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Location: Minneapolis, Minnesota, United States

I am a dancer with Minneapolis based James Sewell Ballet, a small, contemporary ballet company. I also choreograph independently.

Wednesday, February 22, 2006

"Serenade" and a Solo

February 22, 2006

Last weekend James Sewell Ballet premiered a new ballet, “Serenade”, to Schoenberg’s music of the same name. We performed it at the Ordway in Saint Paul with the magnificent Saint Paul Chamber Orchestra.

This is a good ballet. It is one of James’ most technical with many multiple turns following many more and at top speed. It is something to sink ones teeth into; we as a company are just beginning to investigate this one.

And yet there is something magical about the raw reality of a brand new piece. I think it’s very special, seeing all the edges and vulnerabilities. Our task is usually to make it look easy and yet there’s a rough-and-tumble quality to a premiere that’s endearing. At least, that’s how I choose to look at it. (I give other performers this leeway too.)

Indeed, on Friday night the piece was rough yet ready and it was a thrill to perform to a sold out Ordway. One of the most beautiful venues in the Midwest, it has hosted several highlights of my career: MN Opera’s “Nixon in China” last June is foremost in my mind.

“Serenade” is largely an ensemble piece. Nine of us negotiate the stage in strict formation, defining our respective roles in any given yet particular pattern so as to bring to light a certain something in the score. Oh what music! This piece has surely grown on me. It is exacting and masterful. My naïve ear witnesses history as I listen to the a-tonal perfection. James rose to and met this choreographic challenge. The ballet invents as many steps as it exploits standard ones. In the same breath we are doing those recognizable multiple turns then lumbering on the floor on the way to crouch between another dancer’s legs, our feet inelegantly yet brilliantly ginched.

This choreography, perhaps more than James’ other work, pays homage to Balanchine. I see this especially in the pas de deux for him and Sally. They flow in and out of irregularity and classicism with precision and clarity. It is en pointe and totally in control. It is funny and respectful. It is deadpan with an inner secret.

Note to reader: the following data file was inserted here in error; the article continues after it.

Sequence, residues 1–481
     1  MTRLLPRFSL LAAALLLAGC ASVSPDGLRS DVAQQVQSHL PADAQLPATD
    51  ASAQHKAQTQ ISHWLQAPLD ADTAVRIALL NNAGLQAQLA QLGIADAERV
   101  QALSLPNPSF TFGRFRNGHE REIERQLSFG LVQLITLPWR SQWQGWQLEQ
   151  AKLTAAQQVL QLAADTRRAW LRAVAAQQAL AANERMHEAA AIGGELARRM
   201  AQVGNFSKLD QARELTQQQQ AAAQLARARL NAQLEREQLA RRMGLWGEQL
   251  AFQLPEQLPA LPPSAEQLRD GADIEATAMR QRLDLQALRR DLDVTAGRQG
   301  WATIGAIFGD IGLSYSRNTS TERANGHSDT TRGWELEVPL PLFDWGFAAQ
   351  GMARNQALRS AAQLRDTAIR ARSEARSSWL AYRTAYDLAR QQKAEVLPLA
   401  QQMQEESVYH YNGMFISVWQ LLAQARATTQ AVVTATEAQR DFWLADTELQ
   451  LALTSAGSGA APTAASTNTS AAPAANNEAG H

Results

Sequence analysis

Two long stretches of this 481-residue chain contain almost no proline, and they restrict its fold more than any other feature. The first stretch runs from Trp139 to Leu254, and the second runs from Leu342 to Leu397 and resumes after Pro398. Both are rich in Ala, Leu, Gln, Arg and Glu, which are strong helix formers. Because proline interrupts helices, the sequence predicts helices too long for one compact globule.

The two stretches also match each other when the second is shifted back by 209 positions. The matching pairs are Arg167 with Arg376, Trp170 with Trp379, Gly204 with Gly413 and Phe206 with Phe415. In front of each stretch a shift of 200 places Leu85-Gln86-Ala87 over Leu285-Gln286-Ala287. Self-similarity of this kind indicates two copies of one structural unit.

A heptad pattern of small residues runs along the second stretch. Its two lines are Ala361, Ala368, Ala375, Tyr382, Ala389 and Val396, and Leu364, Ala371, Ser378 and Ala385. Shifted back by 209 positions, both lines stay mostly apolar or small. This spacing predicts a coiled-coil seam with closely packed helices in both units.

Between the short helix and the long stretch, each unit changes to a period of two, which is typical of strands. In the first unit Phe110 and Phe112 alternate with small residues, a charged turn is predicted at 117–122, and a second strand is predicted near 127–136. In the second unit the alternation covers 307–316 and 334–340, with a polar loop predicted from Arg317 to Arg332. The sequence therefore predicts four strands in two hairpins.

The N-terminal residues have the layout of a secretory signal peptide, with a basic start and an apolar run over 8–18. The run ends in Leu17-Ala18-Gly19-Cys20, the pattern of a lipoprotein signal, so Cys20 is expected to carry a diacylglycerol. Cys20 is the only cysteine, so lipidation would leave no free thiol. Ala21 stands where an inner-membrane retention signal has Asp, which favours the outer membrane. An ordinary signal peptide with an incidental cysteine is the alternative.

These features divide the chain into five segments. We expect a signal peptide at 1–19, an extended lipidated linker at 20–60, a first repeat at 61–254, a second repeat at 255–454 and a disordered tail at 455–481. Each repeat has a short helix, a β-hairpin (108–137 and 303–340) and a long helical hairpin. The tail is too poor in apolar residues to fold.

I have a solo. A SOLO. It is very special to me and I look forward to delving deeper into it even as I sit now in relative satisfaction at the recent memory of performing it. Sally likens it to Paul Taylor dancing in Balanchine’s “Episodes-Part II”. Here’s what happened…In 1959 Balanchine and Martha Graham were slated to collaborate on a new work with music by Anton Webern. In fact the choreographers worked entirely independently of one another. Each created a section: she Part I, and he Part II. The “collaboration” came into play in that she used three City Ballet dancers and he used Paul Taylor who was in her company at the time. Paul had a solo, created in four one-hour rehearsals. (Paul did a lot of homework.)

So Sally makes this comparison and my heart thrills: I knew my solo was important. Home I go to refer to my books; I remember reading about the incident in PT’s autobiography “Private Domain”. There it was again. The way-with-words PT has is old-fashioned, charming, I am drawn right in to his history and somehow feel that I am extending it’s life through my solo.

I enter the space cross fading with Justin and Brittany. He is carrying her off in a slumped-over lift and so James instructed me to enter slumped over too. (One of the many references to evolution in the piece.) My step quickens as I straighten up toward center stage, hoping the conductor won’t start til I’m placed and stilled. I stand on one leg (not a forte) and gesture coolly. Yet here is where I open my heart to the audience. Perhaps I can give them a way in to this perplexing music and these esoteric steps. Thus the dance begins and I am at once balletic and modern. In my pointe shoes I am doubled over and distorted. I attempt to channel PT as I strike a balance. Never having seen “Episodes”, I instead conjure his solo from “Aureole”, that brilliant use of stillness as he balanced in second position releve for a whole phrase of music. James threw one of those in for me too: a crouched stare at the audience, stillness while the music ends a phrase.

PT writes about his feeling the need to dutifully represent the modern dance community in 1959. Then the ballet and modern camps were distinct and separate. Now those lines are blessedly blurred and I stand in the vortex. That is my goal, my reason for dancing and expressing. To me dance is dance and ballet is as every day as my legs are low. I am unconventional and yet, in the words of Lincoln Kirsten to PT, I hope to have a “maverick talent for oddball dancing”.


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